Keys, 52, whose soft-spoken brogue gives hint of his roots in Derry,

Northern Ireland, acknowledges that shopping with scrip requires some

``behavior modification.'' But he says the program can help nonprofit

organizations achieve their fund-raising goals.

``I see the struggle that goes on in each school'' over finances, Keys

said. Scrip is ``an opportunity for parents to raise money without spending an

extra penny.''

According to its financial return made public, the center in 1995 reported

a loss of $600,000. Keys suggested the losses will end and were caused last

year mostly to depreciation and the purchase of new equipment.

The nonprofit group's expenses include $1.3 million for salaries and wages,

$660,000 in shipping, $600,000 in interest, including a mortgage on its office

building, and $137,000 to insure the shipped certificates.

Of the center's five officers, Bishop Patrick Ziemann, Keys, businessman

Cono Di Pietro and attorney John Klein, none receive compensation. The fifth,

Wendy Perryman, the Scrip Center's chief finance officer, received $57,744

last year.

The center paid $122,400 directly to the Diocese of Santa Rosa and handed

out grants totaling $32,534, including $10,025 to the diocese's eduction fund.

The center's chief management consultant, Tony Culley-Foster of Washington,

D.C., received $120,000. Culley-Foster, who was in Santa Rosa last week,

developed the center's five-year business plan and provides ongoing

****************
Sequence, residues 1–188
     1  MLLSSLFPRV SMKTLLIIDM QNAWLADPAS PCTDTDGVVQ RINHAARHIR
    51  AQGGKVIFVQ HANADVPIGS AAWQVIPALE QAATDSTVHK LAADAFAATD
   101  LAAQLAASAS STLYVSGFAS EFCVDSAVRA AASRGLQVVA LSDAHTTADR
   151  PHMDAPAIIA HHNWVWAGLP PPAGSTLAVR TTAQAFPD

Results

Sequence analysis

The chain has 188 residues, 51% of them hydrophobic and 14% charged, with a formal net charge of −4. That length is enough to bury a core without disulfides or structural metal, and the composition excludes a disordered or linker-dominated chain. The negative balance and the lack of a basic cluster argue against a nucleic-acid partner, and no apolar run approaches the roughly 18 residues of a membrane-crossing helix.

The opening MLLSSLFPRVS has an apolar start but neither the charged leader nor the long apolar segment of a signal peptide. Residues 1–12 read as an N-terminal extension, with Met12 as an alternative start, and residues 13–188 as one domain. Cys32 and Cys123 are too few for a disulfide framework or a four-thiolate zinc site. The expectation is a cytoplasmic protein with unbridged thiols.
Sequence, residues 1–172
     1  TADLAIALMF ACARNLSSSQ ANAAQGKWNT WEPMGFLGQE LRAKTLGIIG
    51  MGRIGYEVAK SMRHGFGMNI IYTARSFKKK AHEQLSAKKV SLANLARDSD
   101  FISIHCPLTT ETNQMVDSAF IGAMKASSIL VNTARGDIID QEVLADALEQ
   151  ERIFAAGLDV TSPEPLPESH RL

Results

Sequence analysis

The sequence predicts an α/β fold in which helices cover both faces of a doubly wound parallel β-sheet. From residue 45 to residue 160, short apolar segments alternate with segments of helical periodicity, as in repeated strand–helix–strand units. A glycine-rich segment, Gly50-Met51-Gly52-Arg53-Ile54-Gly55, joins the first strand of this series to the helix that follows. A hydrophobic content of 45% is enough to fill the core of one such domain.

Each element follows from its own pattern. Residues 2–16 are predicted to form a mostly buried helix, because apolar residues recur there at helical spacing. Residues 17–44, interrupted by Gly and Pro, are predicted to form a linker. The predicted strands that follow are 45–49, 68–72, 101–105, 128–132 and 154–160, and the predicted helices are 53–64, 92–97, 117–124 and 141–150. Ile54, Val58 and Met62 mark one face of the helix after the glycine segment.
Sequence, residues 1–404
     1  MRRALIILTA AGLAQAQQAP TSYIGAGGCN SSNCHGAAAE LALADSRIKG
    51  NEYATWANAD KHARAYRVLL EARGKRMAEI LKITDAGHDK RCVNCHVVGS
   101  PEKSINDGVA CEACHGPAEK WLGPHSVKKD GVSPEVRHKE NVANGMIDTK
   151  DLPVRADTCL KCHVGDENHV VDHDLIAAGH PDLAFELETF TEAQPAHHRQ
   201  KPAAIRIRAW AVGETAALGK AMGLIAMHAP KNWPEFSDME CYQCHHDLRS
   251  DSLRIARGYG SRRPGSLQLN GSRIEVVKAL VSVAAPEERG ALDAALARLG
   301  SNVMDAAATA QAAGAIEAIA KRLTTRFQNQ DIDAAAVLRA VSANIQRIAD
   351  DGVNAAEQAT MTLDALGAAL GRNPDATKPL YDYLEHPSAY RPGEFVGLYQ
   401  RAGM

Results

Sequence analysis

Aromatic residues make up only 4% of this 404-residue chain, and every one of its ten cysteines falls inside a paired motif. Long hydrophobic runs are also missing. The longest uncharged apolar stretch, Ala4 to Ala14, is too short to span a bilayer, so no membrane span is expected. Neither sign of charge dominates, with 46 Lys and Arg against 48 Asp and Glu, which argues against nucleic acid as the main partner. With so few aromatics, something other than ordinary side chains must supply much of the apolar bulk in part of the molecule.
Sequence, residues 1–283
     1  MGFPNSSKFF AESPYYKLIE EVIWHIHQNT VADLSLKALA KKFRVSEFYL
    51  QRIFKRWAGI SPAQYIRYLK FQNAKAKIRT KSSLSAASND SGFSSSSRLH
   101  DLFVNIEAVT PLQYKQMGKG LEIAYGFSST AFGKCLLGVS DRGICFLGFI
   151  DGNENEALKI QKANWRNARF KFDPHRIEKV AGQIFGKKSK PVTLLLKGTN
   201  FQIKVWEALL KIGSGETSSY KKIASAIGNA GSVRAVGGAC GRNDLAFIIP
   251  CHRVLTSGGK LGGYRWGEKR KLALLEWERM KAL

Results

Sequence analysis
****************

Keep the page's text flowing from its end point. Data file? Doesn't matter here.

consultation.

Cautious view

The head of the Northern Ireland-U.S. Chamber of Commerce, Culley-Foster

has known Keys since boyhood. He helped arrange the monsignor's 1995 visit to

President Clinton as part of a delegation from their native country. Clinton

later wrote a letter praising the work of Keys and the center.

The center on Friday night held its own award ceremonies. It honored

several schools and people involved with its program, including former Santa

Rosa bishop Mark Hurley, as well as five businesses participating in the

program.

While several volunteers sing scrip's praises, some school leaders

nonetheless take a cautious view of the fund raiser. A spokeswoman for the

state Parent Teachers Association strongly objects to the common practice of

schools sending the valuable, cash-like certificates home in the hands of

students -something also discouraged by the Scrip Center.

The PTA representative also has questioned the wisdom of asking volunteers

to take responsibility for anywhere between $100,000 and a half million

dollars a year worth of cash, checks and certificates.

``The thing that worries us about scrip is the amount of money a volunteer

is handling,'' said Joyce Peariso, the volunteer treasurer for the state PTA.

She fears the people safeguarding the money and certificates would find

``their life in jeopardy'' from robbers.

Scrip Center officials have voiced a similar concern, seeking not to

publicize their Santa Rosa building's address or some details of the operation

out of concern for the safety of their employees.

As well, the Internal Revenue Service has yet to bestow tax-exempt status

on the Scrip Center, which is recognized as a nonprofit corporation by the

state. Culley-Foster said the matter of tax status eventually could become a

``test case'' in court.

IRS spokesmen also say school organizations and other nonprofit groups with

at least $25,000 in gross sales have long been required to file financial

returns that account for the money that passes through their organizations.

Those groups that fail to file may face a fine of at least $10 per day. A

recent newsletter of the Sonoma County district PTA suggests there has been

``widespread negligence'' by groups failing to file such reports.

However, even skeptics concede neither criticism nor accounting hurdles is

expected to stem the flow of schools and groups rushing to buy and sell scrip.